The late, great Steve Connor
At 15.00 last Wednesday Steve Connor, a giant of British science journalism who over nearly four decades broke several of the biggest stories in his field and won the respect of an international audience, died after a long illness. He was 62.
For 18 years he was science editor of The Independent, going freelance when the print title closed last year. Before that he worked for the New Scientist, Daily Telegraph and Sunday Times.
Over the course of his years at the paper where I worked, Steve won so many awards it would be ludicrous were they not deserved, and pulled off the very rare trick for a reporter of being both better than his Fleet Street rivals at the stories they covered, and able to own several huge stories that nobody else knew about. Yet when Steve put them into the public domain, they quickly became international sensations.
Of the issues that he did most to advance, revelations about gene-editing technology, sex-selective abortions, meat grown in labs, and the discovery of the Higgs boson were among the many which everyone in the trade knew he had a peerless grasp on.
Warrior for truth
On climate change, he and Michael McCarthy, The Independent's erudite environment editor, made that story central to the news agenda fully years before others gave it the same attention. Simon Kelner, the long-serving Editor of the paper, knew that he had a huge asset in his science editor, whose stories had such editorial integrity and exciting potential that they would often be the best read on the paper's website.
Indeed, editors and news editors alike would look to him when they desperately needed a splash. It is instructive that when Roger Alton re-launched the paper as editor, his first front page was a Steve special, on "The Methane Time-bomb". And similarly, when I re-designed the paper as editor, it was always going to be Steve who had the byline on page 1, this time on "The next genetic revolution."
Steve could be obstinate, but never in service of his own ego, and always - always - in service of the truth, for which he was a warrior. If a section editor or executive asked him to document some sizzling new discovery, it often fell to him to explain that actually this was an old story, or the science wasn't quite there, or the implications were still too unclear to be jumping up and down about. He did so in plain English without being patronising. It meant that when he said he had a big story, it lifted the whole office.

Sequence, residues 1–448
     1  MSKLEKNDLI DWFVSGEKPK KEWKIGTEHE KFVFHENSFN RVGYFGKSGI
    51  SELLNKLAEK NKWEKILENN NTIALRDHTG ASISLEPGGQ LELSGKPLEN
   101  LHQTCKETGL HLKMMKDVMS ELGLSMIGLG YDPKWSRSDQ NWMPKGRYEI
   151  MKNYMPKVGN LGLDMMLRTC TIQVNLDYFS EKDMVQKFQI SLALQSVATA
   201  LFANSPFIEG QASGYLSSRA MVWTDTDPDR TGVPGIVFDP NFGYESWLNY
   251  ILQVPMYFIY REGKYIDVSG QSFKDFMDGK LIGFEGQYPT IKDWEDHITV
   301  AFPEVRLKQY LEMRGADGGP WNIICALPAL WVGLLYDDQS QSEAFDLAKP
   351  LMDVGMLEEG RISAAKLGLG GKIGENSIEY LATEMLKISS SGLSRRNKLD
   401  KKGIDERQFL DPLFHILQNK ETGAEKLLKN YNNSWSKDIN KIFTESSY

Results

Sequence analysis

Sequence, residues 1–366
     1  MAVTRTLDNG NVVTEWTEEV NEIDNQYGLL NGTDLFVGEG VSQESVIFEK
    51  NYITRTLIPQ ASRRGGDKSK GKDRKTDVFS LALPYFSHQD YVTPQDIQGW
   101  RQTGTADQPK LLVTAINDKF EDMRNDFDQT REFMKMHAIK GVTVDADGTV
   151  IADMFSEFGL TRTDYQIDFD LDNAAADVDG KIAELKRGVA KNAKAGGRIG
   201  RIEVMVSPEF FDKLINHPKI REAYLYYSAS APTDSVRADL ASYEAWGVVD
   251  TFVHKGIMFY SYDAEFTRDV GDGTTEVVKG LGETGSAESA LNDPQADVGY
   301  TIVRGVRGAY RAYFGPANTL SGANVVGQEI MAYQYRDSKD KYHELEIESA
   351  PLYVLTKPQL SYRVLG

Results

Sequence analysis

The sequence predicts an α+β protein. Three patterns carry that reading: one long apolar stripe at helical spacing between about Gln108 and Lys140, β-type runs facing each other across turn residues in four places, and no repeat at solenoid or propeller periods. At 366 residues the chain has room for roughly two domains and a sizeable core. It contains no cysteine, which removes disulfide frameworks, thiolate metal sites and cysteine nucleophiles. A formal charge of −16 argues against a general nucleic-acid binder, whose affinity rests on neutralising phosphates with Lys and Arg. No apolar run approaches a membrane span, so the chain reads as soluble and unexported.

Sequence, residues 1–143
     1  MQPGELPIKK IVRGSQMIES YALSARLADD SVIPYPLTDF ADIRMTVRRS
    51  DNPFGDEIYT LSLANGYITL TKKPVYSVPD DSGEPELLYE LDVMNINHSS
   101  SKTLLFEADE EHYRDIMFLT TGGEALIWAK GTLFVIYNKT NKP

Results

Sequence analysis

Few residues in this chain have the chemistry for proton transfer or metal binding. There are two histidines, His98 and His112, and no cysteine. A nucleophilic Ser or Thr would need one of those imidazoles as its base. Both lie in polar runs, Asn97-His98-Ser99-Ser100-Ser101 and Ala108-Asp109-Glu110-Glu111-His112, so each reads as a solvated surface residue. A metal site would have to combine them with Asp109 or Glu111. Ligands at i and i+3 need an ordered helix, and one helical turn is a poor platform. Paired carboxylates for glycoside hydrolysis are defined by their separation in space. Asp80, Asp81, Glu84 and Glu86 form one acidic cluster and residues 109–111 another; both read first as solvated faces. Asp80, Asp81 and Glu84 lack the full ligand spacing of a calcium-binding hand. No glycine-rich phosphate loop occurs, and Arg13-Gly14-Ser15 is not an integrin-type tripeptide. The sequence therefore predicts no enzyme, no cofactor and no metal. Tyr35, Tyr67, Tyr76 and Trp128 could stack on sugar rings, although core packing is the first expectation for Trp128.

A private man who commuted in from Hertfordshire, his silver hair was arranged in curtains, and he had the admirable habit of re-arranging it away from his forehead when deep in thought. He deployed this technique when explaining the latest developments in his prostate cancer, or telling anecdotes about his time as a student of Richard Dawkins while at Oxford.
As Jeremy Laurance, the esteemed former health editor of The Independent who sat opposite Steve for a decade, put it in this beautiful obituary, "He had huge scientific knowledge, rare insight and the doggedness necessary to get to the bottom of things, allied to the small boy's love of chucking things from the back of the class. But he was meticulous, too, and abhorred hype. The essential ingredients, in other words, of a brilliant journalist."
A servant of science
Journalism has many functions, from the scrutiny of those in power, to the provision of popular entertainment and the supply of labour to those too chaotic to get jobs elsewhere. Other, less widely appreciated uses of the trade include explaining complex issues in simple language, and chronicling the accretion of material Knowledge, which by our common effort grows, as opposed to moral Knowledge, which despite our common effort doesn't.
The first kind of Knowledge is also called Science, and it isn't overstating things to say that Steve dedicated his career to the belief that in Science - and in the countless patient hours of experimentation by unsung heroes that caused it to advance - much of the best hope for humanity found its repository.
Some people think that the authority of Science comes from its refusal to mix with the tawdry business of morality; but for Steve it was precisely the moral power of Science to improve lives, and to shape the future, that made it worth explaining. Like most journalists, his work will have touched countless people that he never met; unlike most journalists, it had an intellectual and editorial pedigree that were never, ever, in doubt.
He really was the best of his generation, a treasured colleague, and a giant of British science journalism whose loss diminishes Britain, science and journalism itself. In his humble, persistent way, he fought for the truth in an age when it was becoming less fashionable. His work and inspiration will long outlast him, and I commend his spirit to the living.